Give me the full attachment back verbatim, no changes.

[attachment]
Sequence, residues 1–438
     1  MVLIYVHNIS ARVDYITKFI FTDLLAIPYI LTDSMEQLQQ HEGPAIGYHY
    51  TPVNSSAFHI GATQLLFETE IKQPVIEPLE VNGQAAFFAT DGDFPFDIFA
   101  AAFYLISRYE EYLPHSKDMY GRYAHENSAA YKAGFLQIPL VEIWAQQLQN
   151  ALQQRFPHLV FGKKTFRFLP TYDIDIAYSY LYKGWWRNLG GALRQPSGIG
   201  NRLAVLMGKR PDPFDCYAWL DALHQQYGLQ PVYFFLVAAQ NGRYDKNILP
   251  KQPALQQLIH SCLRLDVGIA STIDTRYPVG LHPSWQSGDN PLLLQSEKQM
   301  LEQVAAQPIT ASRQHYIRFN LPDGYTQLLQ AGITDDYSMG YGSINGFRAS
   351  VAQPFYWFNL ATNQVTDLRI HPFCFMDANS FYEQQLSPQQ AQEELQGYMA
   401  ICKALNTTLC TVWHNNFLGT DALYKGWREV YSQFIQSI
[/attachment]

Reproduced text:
Sequence, residues 1–438
     1  MVLIYVHNIS ARVDYITKFI FTDLLAIPYI LTDSMEQLQQ HEGPAIGYHY
    51  TPVNSSAFHI GATQLLFETE IKQPVIEPLE VNGQAAFFAT DGDFPFDIFA
   101  AAFYLISRYE EYLPHSKDMY GRYAHENSAA YKAGFLQIPL VEIWAQQLQN
   151  ALQQRFPHLV FGKKTFRFLP TYDIDIAYSY LYKGWWRNLG GALRQPSGIG
   201  NRLAVLMGKR PDPFDCYAWL DALHQQYGLQ PVYFFLVAAQ NGRYDKNILP
   251  KQPALQQLIH SCLRLDVGIA STIDTRYPVG LHPSWQSGDN PLLLQSEKQM
   301  LEQVAAQPIT ASRQHYIRFN LPDGYTQLLQ AGITDDYSMG YGSINGFRAS
   351  VAQPFYWFNL ATNQVTDLRI HPFCFMDANS FYEQQLSPQQ AQEELQGYMA
   401  ICKALNTTLC TVWHNNFLGT DALYKGWREV YSQFIQSI